“The greatest among you must be your servant. Whoever exalts himself will be humbled; but whoever humbles himself will be exalted.” Matthew 23:11–12If you were to plan out the ideal future for yourself, what would it look like? Imagine if you were not constrained by budget or resources. Imagine if you could pick to do anything you wanted, to go anywhere you wanted, and enjoy any activity that you wanted. Imagine the greatest experience you could possibly have. What would that be? Most people would immediately think about indulging in the greatest pleasures imaginable. A life of the most luxurious accommodations, the best food, the most beautiful scenery and the most relaxing and enjoyable time possible. But would that truly be the “ideal future for yourself?”The Gospel passage above is very clear. Greatness is found in servanthood. Exaltation is enjoyed only through humility. Is the ideal lifestyle one that is filled with indulgence, entertainment, luxury, and the like? Certainly not. The ideal life, the greatest life, the most exalted life is the life of the most humble service of others as possible. That's essentially what Jesus tells us in this passage. Do you believe that?Note that Jesus uses the words “greatest” and “must” in the same sentence. These two words are both quite definitive. There is no one greater than the “greatest,” and the path to that greatness requires, without exception, that the greatest be a servant of everyone else. In many ways, this truth defies most human conceptions of greatness. Most often, if someone is considered “great,” then they are served and treated with an honor and respect not given to most. For example, if you had someone of great importance over to your home for dinner, you would most likely wait on them. Of course, service in this context is much more than waiting on tables or providing a meal. Though that is a blessed way to serve others and to express love, Jesus' concept of service goes far beyond this. How do we serve as one who is truly great? We do so especially by humbling ourselves. Humility is the greatest form of service we can render another.Jesus was, without question, the humblest person to ever live. Only His mother shared perfectly in this holy virtue. Humility enables a person to break out of every selfish tendency and turn their love to the good of the other. Jesus did this first by becoming Incarnate in the womb of His dear mother. The Eternal Son of God did not become man because it somehow benefited Him in a self-centered way. He did it because He loved us and His Incarnation benefited us. The Son of God did not allow others to mock Him, ridicule Him and ultimately murder Him because it somehow benefitted Him. He did it so that He could enter death and destroy it so that we could rise with Him. He did it for us. And we could go through every passage of the Gospels and see that everything Jesus did was done for others and never done out of a selfish desire. This self-giving service our Lord offered every day was a fruit of the incredible humility that He lived. Jesus did everything He did out of His love for others and with humility so as to bring salvation and transformation to their eternal souls.In our lives, we need to make a fundamental choice. Am I going to live for myself? Or am I going to live for others? It seems as though very few people live fully for others. It is difficult to take our eyes off ourselves and turn them only to the good of others. But if we realize that living for others is also the path to our own greatness and ultimate exaltation, then it becomes much easier. Serving others, especially in a spiritual way by which you do all you can to help them grow closer to God, is what will make you great. Nothing else can do so. Believe that and live it.Reflect, today, upon a life of true greatness. Reflect, especially, upon how you can live such a life. How can you more completely serve others? How can you make their holiness your primary goal? How can you help others grow in their love of God? Humble yourself and turn your eyes from yourself to others. Doing so will make an eternal difference for others and also for yourself. My exalted Lord, You are exalted far above all others. You are Greatness Itself. The life You lived, dear Lord, was one of the greatest humility. But it was in this humility that You accomplished the salvation of the world. Help me to imitate Your greatness by making the service of others my most central mission in life. I love you, my Lord. May I love and serve others with You. Jesus, I trust in You.Source of content: catholic-daily-reflections.comCopyright © 2023 My Catholic Life! Inc. All rights reserved. Used with permission via RSS feed.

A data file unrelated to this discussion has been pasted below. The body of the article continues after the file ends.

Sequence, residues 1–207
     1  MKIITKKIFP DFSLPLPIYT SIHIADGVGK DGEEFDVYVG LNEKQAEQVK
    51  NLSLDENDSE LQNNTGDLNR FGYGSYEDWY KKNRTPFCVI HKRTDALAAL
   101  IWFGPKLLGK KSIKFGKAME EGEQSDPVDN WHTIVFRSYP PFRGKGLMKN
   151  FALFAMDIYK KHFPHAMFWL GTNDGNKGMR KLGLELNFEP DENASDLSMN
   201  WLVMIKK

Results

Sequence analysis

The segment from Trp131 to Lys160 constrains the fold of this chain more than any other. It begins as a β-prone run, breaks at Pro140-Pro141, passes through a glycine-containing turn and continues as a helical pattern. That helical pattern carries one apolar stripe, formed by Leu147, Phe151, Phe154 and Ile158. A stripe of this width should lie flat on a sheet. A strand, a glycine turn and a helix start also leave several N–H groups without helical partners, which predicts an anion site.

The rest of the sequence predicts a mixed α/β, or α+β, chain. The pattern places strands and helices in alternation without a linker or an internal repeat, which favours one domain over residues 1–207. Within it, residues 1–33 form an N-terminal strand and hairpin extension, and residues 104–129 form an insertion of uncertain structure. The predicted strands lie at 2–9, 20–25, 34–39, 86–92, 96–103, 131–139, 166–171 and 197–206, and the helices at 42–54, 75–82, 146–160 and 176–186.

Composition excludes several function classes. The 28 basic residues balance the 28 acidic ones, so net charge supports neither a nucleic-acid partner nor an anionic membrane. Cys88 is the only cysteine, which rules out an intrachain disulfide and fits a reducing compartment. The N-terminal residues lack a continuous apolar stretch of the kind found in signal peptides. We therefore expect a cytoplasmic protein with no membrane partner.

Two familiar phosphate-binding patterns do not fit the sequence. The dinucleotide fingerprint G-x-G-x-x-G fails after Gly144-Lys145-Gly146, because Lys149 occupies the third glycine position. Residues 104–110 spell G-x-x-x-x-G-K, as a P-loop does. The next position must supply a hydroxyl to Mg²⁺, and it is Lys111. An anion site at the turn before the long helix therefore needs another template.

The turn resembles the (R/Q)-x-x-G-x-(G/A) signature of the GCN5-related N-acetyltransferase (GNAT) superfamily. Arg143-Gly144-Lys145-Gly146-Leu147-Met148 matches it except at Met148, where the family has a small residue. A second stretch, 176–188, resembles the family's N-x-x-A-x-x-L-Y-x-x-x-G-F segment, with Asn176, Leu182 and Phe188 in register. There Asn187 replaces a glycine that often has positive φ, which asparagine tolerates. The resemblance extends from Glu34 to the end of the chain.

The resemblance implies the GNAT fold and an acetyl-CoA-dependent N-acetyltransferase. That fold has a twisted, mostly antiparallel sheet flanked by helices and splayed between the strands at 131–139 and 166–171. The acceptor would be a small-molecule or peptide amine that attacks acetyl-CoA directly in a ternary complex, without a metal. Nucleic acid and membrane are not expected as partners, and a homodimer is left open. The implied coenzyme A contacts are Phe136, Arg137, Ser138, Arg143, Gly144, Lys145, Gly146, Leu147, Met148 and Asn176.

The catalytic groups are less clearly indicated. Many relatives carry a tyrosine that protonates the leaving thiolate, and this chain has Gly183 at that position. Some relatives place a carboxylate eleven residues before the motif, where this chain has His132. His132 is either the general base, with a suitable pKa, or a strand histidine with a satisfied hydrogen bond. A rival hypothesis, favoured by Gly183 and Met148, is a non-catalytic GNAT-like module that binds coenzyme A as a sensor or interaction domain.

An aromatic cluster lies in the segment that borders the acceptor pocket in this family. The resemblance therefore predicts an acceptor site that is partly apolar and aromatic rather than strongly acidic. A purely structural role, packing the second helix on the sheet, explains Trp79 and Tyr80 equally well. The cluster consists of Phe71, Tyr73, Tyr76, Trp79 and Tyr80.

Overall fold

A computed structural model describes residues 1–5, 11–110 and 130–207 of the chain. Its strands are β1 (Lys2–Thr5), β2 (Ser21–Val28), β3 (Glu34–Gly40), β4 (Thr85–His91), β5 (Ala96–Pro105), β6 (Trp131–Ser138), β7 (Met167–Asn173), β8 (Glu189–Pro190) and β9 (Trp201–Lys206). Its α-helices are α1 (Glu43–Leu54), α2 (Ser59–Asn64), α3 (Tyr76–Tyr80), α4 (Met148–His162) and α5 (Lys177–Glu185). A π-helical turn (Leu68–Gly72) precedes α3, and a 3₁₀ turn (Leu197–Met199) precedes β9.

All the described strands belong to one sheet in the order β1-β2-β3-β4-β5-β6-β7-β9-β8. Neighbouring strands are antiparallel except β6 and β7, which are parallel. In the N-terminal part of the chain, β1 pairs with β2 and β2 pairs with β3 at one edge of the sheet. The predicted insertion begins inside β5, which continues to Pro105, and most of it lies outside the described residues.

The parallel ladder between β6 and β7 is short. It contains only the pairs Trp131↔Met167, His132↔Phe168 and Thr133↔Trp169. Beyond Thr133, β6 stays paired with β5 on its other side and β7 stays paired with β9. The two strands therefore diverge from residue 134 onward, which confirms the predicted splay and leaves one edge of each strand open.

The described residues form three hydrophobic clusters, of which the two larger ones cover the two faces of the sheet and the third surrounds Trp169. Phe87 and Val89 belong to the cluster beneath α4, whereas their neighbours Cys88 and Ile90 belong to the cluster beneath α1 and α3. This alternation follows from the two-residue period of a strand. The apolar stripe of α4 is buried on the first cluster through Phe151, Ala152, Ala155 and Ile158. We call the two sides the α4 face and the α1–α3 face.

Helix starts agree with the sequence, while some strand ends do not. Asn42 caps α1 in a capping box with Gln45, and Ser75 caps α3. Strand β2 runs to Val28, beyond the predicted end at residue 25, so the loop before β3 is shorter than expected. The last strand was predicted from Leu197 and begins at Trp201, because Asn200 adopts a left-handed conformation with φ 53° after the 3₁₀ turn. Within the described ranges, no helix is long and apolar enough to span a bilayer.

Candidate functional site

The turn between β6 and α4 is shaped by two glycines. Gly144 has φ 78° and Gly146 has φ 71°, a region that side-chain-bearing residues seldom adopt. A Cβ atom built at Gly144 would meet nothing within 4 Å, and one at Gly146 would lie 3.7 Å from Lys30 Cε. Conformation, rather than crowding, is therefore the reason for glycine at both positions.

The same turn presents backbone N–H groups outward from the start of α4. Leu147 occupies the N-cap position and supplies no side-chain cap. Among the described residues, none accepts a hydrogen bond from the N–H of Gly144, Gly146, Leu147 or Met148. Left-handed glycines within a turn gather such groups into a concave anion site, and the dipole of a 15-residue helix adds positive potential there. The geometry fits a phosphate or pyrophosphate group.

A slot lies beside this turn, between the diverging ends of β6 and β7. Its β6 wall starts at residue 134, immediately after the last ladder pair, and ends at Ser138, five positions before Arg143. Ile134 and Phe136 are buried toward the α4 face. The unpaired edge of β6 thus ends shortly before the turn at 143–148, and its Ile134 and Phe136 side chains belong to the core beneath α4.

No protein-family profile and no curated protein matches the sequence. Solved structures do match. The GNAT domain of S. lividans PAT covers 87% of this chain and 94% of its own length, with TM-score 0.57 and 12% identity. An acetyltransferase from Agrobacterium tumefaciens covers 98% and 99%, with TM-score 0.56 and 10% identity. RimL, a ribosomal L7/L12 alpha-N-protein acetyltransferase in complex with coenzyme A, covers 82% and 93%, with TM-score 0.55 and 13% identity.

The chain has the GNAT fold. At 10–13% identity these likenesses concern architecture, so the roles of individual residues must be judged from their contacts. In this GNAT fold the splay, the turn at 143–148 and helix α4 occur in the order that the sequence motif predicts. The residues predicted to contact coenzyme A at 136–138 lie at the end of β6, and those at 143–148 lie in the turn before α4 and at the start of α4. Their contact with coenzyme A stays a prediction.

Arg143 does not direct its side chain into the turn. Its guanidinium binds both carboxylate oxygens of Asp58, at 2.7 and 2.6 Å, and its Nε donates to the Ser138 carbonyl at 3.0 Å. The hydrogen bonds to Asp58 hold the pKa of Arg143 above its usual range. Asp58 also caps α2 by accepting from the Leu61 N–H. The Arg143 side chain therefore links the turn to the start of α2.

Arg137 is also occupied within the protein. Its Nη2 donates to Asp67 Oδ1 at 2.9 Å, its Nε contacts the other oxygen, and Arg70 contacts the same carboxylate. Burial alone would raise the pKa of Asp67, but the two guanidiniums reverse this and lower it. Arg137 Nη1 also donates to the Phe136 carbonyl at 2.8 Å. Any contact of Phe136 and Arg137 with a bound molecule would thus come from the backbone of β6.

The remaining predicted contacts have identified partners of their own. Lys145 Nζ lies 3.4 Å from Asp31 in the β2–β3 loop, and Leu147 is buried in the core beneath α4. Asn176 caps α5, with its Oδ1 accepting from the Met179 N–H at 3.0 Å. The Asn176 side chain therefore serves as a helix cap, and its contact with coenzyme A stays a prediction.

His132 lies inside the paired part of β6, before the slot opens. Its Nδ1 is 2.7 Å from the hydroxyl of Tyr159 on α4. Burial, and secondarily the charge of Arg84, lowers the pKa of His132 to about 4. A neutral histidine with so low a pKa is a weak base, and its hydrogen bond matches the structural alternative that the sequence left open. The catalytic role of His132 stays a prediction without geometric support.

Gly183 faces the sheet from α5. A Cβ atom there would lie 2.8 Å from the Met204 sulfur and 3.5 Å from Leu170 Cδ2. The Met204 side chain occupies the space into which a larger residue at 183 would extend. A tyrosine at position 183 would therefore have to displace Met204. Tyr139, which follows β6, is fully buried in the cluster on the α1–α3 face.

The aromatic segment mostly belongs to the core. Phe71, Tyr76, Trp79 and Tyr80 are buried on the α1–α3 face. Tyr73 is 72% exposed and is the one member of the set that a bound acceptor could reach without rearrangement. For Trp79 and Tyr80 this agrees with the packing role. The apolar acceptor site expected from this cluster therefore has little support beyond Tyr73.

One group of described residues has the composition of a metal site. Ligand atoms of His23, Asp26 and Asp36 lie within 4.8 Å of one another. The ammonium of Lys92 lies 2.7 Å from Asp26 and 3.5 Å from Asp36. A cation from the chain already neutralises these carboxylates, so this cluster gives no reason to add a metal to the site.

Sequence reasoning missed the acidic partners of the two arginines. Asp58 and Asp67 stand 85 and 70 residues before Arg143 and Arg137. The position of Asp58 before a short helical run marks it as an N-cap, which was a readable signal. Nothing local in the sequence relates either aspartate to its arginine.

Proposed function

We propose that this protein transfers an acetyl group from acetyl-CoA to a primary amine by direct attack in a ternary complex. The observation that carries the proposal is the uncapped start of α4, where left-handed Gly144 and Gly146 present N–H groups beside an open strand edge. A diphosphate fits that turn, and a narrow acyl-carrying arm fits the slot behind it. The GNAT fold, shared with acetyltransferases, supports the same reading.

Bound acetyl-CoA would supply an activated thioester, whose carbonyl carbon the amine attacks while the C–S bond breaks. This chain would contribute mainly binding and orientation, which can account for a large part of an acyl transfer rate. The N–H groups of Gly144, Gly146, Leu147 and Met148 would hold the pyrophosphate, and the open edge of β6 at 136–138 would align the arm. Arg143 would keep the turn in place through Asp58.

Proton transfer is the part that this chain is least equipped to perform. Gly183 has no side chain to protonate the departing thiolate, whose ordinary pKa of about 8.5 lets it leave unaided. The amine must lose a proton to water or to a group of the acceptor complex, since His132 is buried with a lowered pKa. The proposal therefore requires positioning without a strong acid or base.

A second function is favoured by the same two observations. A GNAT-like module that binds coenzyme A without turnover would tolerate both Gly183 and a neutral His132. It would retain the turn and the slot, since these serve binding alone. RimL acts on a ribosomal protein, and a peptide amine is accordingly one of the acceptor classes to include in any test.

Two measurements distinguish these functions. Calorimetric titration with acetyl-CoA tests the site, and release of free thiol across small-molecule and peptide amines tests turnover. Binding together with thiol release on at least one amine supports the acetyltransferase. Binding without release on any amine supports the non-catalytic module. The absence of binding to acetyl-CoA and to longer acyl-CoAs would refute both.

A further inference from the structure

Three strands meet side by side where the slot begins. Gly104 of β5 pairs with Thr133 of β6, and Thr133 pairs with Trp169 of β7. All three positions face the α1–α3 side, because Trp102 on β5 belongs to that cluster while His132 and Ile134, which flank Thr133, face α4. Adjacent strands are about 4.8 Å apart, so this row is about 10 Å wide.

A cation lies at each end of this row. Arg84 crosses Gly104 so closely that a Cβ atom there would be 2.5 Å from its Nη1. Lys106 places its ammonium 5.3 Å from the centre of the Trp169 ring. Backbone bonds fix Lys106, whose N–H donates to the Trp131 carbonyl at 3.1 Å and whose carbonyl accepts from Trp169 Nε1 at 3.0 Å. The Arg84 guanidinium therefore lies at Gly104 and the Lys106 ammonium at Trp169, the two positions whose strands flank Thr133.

Friday of the Twentieth Week in Ordinary Time - Loving in Difficult Situations